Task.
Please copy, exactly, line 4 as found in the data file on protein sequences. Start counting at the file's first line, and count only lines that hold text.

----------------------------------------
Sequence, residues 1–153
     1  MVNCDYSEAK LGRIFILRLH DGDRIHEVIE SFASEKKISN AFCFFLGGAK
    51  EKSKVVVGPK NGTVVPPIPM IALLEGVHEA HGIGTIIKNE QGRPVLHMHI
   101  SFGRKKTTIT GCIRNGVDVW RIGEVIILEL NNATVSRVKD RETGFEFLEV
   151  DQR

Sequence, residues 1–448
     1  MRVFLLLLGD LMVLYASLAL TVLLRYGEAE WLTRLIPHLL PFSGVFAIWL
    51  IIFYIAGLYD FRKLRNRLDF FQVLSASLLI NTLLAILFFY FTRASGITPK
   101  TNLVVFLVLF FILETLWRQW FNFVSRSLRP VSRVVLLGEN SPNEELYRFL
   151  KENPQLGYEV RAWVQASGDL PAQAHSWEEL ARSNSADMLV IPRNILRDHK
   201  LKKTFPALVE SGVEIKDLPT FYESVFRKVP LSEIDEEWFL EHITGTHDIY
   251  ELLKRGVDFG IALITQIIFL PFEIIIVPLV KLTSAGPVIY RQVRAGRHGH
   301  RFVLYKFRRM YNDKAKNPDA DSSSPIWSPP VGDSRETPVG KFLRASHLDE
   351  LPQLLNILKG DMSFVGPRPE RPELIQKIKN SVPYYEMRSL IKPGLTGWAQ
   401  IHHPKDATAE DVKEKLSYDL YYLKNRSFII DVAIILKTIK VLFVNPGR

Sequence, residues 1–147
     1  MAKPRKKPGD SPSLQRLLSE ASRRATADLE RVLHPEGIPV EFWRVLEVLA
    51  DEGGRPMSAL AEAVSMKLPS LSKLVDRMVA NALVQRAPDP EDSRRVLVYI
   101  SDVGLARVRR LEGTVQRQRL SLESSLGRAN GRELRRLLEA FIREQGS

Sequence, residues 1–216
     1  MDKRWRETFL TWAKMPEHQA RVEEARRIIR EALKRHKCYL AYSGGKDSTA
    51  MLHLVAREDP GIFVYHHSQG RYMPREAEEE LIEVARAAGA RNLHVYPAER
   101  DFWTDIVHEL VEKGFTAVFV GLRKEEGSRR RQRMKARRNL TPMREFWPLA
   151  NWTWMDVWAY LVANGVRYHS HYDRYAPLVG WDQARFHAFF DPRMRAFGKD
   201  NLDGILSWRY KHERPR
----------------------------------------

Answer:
   101  SFGRKKTTIT GCIRNGVDVW RIGEVIILEL NNATVSRVKD RETGFEFLEV